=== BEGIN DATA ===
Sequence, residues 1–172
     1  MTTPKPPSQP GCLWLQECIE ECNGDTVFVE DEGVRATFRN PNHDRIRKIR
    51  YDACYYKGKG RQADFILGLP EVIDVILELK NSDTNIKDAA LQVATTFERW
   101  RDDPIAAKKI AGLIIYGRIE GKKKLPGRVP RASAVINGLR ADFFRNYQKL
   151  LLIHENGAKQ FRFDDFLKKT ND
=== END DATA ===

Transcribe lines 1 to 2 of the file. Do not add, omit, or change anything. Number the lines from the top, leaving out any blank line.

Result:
Sequence, residues 1–172
     1  MTTPKPPSQP GCLWLQECIE ECNGDTVFVE DEGVRATFRN PNHDRIRKIR